Preparations before you buy your mouse

Before you buy a mouse, there are some things you MUST consider:

Alrighty. If you passed that, then here are some things that you will need to buy.


I reccomend buying a glass tank to put your mouse/mice in. If you opt for this, make SURE you have a screen or some covering to prevent you mouse form getting out. You can buy a plastic cage, but chances are that the mouse will scratch up the plastic making it unable to view through clearly. Also mice can gnaw through plastic and may escape. Do not, unless you have a very obese mouse, for any reasons put you mouse in a wire cage. I have one wire cage in which my most trusted mouse lives. He's too dumb to figure out how to crawl through the bars, and even if he could, he wouldn't want to get out because he's extremely lazy... hence his name being "Stoner". So all in all, a 5 to 10 gallon tank will make the best home for your new friend.


You can purchase bedding at most department stores like KMart, WalMart, and even at Tops. The best bedding you can get is PetsPick brand. It comes in cedar chips, pine chips ((what I'm currently using)), and pine shavings that I've seen. You probably want to get the small size of bedding, which comes in cubish shapes of about 1 1/4 ft by 1ft by 4 inches. If your planning on starting a gigantic mouse colony of over 10 mice, then it is best to get the large economy size, which is HUGE. This 'grande' package is about 2ft by 1 1/4 ft by 8 inches. And not only is it rather large, it's also rather CHEAP. I paid a little under 6 dollars for my PetsPick large pack of pine bedding at KMart.

Water Source

Water bottle's these days are EXPENSIVE! They're large, cumbersome, and if your mouse is smart enough, useful escape devices. After some stupid kids were being dumb and playing with their glass water bottles, they broke it and glass water bottles were from then on labled as 'hazards'. So then the companies switched to plastic. If you can get your hands on a glass bottle, keep it. They work fairly well, although, are far surpassed by the quality of the plastic shaky ball bottles of today. These bottles can run anywhere from $2 to $5. If you would rather not have a water bottle, there is also the option of a a water dish. They can be the lid of a peanut butter jar, the cut of section of a 20 oz. pop bottle, or if you're creative and resourceful, a saki cup. If you happen to be in highschool taking a ceramic class, and you have some free time and are allowed to use extra clay, you can make your own dish. Make sure you GLAZE them well.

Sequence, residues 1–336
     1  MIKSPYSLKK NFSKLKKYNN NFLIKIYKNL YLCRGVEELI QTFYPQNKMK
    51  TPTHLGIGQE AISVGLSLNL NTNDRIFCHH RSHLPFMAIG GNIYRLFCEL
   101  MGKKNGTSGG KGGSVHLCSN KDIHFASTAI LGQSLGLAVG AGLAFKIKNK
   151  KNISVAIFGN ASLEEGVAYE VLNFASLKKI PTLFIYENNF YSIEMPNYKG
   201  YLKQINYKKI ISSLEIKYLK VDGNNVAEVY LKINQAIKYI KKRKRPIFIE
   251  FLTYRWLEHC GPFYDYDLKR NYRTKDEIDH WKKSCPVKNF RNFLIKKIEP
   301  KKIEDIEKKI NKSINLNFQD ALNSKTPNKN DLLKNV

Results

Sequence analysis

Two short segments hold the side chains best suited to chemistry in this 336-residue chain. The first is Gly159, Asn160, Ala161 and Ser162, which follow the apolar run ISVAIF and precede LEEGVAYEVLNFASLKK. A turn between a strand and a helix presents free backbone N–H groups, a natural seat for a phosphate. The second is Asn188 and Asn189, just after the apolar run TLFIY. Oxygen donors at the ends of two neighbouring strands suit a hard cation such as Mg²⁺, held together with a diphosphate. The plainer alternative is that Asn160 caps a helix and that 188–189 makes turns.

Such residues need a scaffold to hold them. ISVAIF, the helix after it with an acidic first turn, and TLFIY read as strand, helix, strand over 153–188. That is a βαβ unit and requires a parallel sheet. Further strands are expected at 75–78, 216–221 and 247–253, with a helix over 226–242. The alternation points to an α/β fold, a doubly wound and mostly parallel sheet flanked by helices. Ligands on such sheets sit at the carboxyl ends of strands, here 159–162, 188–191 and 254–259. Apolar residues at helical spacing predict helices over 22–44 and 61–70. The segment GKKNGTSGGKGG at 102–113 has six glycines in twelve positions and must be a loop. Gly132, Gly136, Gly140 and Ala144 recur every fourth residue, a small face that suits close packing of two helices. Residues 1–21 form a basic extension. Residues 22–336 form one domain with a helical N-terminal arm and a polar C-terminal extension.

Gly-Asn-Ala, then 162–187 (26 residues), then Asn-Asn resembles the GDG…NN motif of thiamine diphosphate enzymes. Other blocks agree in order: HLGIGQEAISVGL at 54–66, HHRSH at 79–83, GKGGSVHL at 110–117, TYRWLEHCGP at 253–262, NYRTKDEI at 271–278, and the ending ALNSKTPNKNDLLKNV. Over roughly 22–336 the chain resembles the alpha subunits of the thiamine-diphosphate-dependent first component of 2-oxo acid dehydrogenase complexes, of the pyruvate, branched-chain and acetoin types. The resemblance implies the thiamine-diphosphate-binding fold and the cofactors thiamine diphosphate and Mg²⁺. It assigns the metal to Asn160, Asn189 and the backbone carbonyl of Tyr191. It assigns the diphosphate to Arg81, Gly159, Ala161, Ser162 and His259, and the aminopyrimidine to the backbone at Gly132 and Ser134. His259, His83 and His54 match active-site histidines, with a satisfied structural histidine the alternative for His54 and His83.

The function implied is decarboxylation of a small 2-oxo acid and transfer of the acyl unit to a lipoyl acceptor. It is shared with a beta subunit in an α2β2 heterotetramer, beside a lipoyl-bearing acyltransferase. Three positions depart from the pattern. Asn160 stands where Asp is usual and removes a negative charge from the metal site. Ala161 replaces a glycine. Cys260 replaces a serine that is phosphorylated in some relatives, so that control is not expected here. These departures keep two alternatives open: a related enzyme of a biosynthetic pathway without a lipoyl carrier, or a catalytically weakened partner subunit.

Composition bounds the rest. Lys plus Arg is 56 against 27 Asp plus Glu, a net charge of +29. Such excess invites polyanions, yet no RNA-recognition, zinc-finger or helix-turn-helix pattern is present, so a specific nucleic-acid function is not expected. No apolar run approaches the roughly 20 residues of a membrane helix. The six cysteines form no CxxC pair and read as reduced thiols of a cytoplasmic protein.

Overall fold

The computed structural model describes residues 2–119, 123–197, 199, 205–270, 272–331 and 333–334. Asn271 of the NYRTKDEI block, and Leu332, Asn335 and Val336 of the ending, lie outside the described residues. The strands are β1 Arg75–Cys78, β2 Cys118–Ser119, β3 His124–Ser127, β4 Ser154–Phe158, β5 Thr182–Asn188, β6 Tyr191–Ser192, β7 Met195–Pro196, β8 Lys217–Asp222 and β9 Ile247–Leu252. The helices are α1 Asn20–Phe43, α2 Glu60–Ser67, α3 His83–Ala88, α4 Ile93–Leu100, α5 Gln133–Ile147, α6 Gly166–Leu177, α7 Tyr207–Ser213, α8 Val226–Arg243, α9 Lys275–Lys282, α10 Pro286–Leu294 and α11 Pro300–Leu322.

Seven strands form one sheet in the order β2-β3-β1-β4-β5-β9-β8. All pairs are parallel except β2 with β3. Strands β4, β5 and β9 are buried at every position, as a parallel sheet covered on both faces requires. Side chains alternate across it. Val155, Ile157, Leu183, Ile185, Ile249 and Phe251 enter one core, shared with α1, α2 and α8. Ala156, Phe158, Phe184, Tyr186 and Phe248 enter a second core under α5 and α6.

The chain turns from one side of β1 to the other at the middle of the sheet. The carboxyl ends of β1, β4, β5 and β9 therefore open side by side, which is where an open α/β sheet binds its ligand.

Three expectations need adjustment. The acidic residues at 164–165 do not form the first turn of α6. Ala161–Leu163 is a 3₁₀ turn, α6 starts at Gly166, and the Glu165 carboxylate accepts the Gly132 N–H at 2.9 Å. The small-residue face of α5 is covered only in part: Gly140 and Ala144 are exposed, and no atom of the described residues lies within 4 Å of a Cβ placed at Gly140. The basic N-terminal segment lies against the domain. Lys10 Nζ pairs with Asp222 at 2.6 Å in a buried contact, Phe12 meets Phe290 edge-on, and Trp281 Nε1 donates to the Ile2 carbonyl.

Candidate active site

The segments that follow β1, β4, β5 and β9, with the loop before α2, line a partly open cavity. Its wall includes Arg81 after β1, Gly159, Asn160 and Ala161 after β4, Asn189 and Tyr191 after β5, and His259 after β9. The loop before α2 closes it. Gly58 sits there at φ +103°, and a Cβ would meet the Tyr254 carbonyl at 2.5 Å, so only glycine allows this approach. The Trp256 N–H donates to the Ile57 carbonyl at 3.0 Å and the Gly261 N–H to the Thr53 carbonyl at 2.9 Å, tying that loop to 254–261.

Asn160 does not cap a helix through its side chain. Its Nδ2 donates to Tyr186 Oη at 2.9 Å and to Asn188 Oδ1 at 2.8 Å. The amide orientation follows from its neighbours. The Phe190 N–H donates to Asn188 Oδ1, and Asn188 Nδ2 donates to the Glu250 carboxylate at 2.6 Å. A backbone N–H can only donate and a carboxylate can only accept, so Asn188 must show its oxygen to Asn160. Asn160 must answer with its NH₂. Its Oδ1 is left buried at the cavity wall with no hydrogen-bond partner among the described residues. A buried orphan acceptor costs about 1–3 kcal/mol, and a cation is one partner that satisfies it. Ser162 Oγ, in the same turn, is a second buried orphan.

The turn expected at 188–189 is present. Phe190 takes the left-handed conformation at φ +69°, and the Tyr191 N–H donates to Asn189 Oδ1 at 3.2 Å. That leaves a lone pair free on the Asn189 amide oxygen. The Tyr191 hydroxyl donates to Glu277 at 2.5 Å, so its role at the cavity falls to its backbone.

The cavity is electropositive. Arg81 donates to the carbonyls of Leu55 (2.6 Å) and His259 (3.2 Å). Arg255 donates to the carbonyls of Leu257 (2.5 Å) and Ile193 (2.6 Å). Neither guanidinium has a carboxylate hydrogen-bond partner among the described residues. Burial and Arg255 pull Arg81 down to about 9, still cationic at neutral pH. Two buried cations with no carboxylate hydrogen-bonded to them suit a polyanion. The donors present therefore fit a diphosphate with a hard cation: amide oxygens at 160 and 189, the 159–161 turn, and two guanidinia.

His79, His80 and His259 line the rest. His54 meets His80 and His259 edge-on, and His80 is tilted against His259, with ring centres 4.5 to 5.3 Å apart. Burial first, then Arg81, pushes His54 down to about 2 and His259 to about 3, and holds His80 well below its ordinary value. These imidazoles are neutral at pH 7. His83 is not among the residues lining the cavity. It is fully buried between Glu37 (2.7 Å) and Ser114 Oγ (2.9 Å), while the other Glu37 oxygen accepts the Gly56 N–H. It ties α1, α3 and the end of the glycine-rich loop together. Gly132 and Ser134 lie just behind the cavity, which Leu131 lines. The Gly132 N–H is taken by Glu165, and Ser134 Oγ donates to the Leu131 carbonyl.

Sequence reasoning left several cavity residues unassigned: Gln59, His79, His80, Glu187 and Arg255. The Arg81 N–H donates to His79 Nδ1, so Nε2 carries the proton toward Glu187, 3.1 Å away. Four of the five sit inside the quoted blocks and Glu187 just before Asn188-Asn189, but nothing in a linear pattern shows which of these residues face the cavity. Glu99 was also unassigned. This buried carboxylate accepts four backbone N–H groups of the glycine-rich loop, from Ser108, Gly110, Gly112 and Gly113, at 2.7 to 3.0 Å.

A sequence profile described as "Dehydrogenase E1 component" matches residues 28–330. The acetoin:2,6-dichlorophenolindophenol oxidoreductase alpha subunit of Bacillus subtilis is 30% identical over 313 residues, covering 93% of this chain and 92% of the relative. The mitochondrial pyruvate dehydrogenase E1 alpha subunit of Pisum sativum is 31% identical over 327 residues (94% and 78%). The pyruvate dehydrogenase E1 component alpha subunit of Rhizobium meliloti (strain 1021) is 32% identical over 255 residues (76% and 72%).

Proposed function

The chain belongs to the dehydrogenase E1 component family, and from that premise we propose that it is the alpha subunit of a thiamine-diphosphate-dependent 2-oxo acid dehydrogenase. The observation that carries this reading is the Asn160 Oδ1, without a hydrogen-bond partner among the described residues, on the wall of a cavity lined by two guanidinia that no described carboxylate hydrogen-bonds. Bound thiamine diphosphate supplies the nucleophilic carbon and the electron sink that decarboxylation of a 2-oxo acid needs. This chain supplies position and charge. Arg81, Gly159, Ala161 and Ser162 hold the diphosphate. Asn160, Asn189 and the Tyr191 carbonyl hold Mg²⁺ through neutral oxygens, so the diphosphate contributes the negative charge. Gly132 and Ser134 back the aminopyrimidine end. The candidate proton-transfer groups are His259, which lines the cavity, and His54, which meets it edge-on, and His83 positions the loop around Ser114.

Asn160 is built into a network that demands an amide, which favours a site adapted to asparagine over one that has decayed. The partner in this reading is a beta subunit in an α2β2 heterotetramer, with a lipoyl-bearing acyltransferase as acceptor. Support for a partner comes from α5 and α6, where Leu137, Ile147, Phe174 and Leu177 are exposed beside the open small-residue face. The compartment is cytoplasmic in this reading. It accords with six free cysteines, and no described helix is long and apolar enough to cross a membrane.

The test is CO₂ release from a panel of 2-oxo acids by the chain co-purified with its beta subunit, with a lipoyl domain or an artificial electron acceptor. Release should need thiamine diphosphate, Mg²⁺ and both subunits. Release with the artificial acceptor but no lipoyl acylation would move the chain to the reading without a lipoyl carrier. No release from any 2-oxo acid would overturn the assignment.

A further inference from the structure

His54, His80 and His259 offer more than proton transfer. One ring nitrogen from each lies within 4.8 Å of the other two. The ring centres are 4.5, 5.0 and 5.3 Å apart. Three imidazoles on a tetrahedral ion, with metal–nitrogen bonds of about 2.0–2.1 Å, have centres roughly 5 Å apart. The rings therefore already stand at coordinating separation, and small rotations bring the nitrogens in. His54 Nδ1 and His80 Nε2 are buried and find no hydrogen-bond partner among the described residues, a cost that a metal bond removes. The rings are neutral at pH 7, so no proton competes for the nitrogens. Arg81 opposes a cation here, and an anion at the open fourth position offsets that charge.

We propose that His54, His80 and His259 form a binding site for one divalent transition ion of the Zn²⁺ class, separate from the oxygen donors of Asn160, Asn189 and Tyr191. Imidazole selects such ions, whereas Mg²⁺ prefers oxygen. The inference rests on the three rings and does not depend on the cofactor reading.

It is easy to get baffled when you walk down the pet isle in your local store. Pre-packaged food costs an arm and a leg, and treats are convineintly located right next to the food... to confuse you into buying treats. You best bet is to go to the bulk department and buy a pound for under a dollar. Another thing, it doesn't matter if its marked bird seed... as long as it is small enough for a mouse to grasp in its paws, its good enough. And people, feeding your mouse only seed is not "good enough". Like any other animal, they need a balanced diet. It doesn't take that much effort to grab a carrot, cut it up in peices, and throw it in the cage. My mices favorite treat is cucumber and watermelon rind. They also really love cheese, but provide this sparingly, because it is high in fat and makes their poo mushy. ;-)


Along with these things, you should prvide you mouse with a little bit of tissue (the kind without lotion) or toilet paper so they can make themselves a bed. Also a chew toy of some sort. This can be a cardboard toilet paper roll or special wood chews sold by pet stores. If you do not already know, a mouse's teeth, like any other rodents, don't stop growing, so if they have nothing to wear their teeth down on, they just keep growing and growing until they are so long that the mouse can't eat. In one case, a hampster's teeth grew straight through it's lip and had to be taken to the vet.